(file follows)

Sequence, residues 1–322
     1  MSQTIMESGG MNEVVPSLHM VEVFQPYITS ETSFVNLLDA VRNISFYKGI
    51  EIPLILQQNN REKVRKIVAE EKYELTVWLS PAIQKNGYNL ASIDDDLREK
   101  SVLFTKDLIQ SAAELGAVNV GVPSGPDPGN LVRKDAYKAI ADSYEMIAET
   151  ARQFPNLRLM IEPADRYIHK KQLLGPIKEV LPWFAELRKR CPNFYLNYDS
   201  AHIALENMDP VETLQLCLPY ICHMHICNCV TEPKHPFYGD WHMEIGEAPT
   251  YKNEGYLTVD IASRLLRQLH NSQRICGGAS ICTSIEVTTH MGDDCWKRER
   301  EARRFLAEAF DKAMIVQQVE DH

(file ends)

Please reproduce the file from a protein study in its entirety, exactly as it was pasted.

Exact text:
Sequence, residues 1–322
     1  MSQTIMESGG MNEVVPSLHM VEVFQPYITS ETSFVNLLDA VRNISFYKGI
    51  EIPLILQQNN REKVRKIVAE EKYELTVWLS PAIQKNGYNL ASIDDDLREK
   101  SVLFTKDLIQ SAAELGAVNV GVPSGPDPGN LVRKDAYKAI ADSYEMIAET
   151  ARQFPNLRLM IEPADRYIHK KQLLGPIKEV LPWFAELRKR CPNFYLNYDS
   201  AHIALENMDP VETLQLCLPY ICHMHICNCV TEPKHPFYGD WHMEIGEAPT
   251  YKNEGYLTVD IASRLLRQLH NSQRICGGAS ICTSIEVTTH MGDDCWKRER
   301  EARRFLAEAF DKAMIVQQVE DH